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I have just been thinking - crowdfunding to buy land?  RSS feed

 
Posts: 64
Location: Callisburg Texas
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Has anyone thought avojt using a gofundme page to get enough money to buy land with?

I am aware that most of us here are very proud people. Like I say it has just been running through my brain for a few days now.
 
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Not on the gofundme, but I'm running one campaign at the moment:
De Landgenoten is a Flemish organisation that is set up specifically to buy land for organic agriculture with EU organic being the minimum standard but if you come with a business plan only just meeting the law, you'll not receive any help from them (most are bio-dynamic people in the board).
Land isn't easy to sell to people if you don't promise a big return on investment and agriculture is not gonna give you a big return, if any, on investment.
 
pollinator
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Tommie Hockett wrote:Has anyone thought avojt using a gofundme page to get enough money to buy land with?

I am aware that most of us here are very proud people. Like I say it has just been running through my brain for a few days now.



I think it is a good idea in concept and morality, but I am not so sure that it works well. I have never tried this method, but from the number of replies on here from those who have, its not been all that successful. I think it is because so many people "want a few aces" of their own, so to help fund another person's dream, when their own gets dashed, plays into that. For us that do have land, the requirements of land ownership and the demanding funds to do earthworks projects, sowing crops, and raising livestock are so high in comparison to the profit made (if any), there is little left for land generosity.

Not that I do not give to charity, I do, but the ones that are so dear to my heart (Teen Challenge for instance) has so many needs of their own that even as much as I give, I wish I could give more.

But there is another aspect that is often overlooked and that is the equity invested in a property. My father and Uncle are great examples of this. They were given the land my Grandfather owned free and clear as an inheritance, BUT they never appreciated what they got. Parts of it they sold off to the highest bidder, built houses and sold them, and never farmed. In contrast I BOUGHT the farm off them, and I am glad I did. I have a lot of equity and investment in it, and I respect it more because of it. I think the more a person struggles to get what they really want, the more it is appreciated.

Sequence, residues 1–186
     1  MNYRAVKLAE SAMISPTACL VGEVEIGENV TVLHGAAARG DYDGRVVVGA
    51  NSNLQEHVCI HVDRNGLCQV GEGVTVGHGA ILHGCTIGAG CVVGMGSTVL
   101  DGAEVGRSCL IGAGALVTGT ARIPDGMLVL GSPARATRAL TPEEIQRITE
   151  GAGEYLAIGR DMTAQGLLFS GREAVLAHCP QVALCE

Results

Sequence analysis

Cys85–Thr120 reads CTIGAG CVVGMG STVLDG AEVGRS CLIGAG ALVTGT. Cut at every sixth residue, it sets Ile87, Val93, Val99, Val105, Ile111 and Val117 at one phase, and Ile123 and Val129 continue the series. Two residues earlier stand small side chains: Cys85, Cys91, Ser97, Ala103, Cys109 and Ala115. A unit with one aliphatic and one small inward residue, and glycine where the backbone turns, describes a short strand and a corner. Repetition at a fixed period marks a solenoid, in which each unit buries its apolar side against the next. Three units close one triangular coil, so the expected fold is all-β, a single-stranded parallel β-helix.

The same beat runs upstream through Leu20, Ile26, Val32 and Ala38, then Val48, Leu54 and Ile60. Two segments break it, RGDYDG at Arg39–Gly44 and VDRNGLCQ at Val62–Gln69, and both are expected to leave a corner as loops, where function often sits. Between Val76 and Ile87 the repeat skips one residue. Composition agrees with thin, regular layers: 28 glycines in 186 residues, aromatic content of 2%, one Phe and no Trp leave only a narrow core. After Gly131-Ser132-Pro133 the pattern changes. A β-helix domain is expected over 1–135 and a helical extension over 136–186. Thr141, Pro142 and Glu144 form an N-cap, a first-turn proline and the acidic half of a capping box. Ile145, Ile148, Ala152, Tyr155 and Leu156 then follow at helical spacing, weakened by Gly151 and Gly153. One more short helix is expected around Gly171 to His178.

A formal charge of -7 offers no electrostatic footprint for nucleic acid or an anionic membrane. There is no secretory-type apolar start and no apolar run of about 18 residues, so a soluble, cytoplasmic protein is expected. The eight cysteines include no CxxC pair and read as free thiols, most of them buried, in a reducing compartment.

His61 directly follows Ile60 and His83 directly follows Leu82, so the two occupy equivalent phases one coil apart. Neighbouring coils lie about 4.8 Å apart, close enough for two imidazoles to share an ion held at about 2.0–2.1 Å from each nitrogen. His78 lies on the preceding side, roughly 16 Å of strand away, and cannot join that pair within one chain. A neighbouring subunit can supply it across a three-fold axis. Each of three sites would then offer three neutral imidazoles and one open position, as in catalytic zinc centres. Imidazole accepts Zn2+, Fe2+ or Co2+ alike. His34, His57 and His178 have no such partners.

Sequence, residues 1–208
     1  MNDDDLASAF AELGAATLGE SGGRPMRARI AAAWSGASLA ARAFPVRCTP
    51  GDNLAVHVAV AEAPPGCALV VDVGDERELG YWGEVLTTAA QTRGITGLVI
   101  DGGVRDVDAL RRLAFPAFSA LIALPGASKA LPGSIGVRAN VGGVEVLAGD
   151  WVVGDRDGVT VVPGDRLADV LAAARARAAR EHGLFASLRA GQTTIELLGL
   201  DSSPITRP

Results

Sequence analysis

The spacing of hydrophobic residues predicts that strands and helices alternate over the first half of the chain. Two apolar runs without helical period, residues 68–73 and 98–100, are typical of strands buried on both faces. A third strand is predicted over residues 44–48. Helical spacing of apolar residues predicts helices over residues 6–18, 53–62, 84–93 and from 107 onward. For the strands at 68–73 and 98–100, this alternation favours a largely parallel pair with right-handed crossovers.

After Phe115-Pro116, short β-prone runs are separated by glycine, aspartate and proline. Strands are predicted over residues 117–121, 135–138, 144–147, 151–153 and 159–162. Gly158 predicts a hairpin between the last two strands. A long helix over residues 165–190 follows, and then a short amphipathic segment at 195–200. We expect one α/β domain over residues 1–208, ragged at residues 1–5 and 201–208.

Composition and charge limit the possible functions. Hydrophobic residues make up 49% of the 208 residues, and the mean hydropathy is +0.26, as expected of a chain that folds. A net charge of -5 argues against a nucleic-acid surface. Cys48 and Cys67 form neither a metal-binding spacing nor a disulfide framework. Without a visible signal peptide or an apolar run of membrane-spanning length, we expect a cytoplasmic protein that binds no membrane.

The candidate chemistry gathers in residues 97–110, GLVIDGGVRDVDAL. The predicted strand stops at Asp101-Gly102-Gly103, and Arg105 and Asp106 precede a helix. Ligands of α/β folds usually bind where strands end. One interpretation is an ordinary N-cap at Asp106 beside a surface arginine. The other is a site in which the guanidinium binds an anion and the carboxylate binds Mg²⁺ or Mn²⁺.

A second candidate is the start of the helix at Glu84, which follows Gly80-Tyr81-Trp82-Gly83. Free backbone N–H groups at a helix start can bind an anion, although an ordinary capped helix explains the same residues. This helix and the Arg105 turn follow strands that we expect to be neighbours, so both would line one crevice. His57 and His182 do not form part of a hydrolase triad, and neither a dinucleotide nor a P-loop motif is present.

Tommie Hockett
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Travis Johnson wrote: I think it is a good idea in concept and morality, but I am not so sure that it works well. I have never tried this method, but from the number of replies on here from those who have, its not been all that successful. I think it is because so many people "want a few aces" of their own, so to help fund another person's dream, when their own gets dashed, plays into that. For us that do have land, the requirements of land ownership and the demanding funds to do earthworks projects, sowing crops, and raising livestock are so high in comparison to the profit made (if any), there is little left for land generosity.

Not that I do not give to charity, I do, but the ones that are so dear to my heart (Teen Challenge for instance) has so many needs of their own that even as much as I give, I wish I could give more.

But there is another aspect that is often overlooked and that is the equity invested in a property. My father and Uncle are great examples of this. They were given the land my Grandfather owned free and clear as an inheritance, BUT they never appreciated what they got. Parts of it they sold off to the highest bidder, built houses and sold them, and never farmed. In contrast I BOUGHT the farm off them, and I am glad I did. I have a lot of equity and investment in it, and I respect it more because of it. I think the more a person struggles to get what they really want, the more it is appreciated.




I agree with you whole heartedly about the sweat equity and appreciating it all tge more. It was really just a thought. It is one of my biggest dreams to own land that I can turn into a homestead. Sometimes it seems like that is very far away though. And I have been thinking on it over the past few days and this just popped into my head. I figured I would get yalls opinion on it. Anyway on a side note I get to go home today at some point (I work oilfield) and My wife and I found an acre with an old building on it for sale for $800 so we are going to jump on that. It is zoned commercial and the location isnt good for a farm, but I am thinking of maybe flipping it or something... I don't know what to do with it yet but I can't pass it up for that price.
 
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I don't personally have experience with this but I agree with some of the other replies. People want a piece of the pie or to know what they donating too. I have had some friends try a "crowd source" thing before as well, didn't go very well. lots of opinions and too many chefs in the kitchen so to speak. I dont care how much yoga you do....people will be people! We bought ours the old fashion way, saved and paid. I suspect your in an area where land is cheap via your 800 dollar acre, good job by the way! awesome deal! I would save that oil money and make it happen. P.S. if you got a loaded family will give you lots of money via the internets I'll take it all back...lol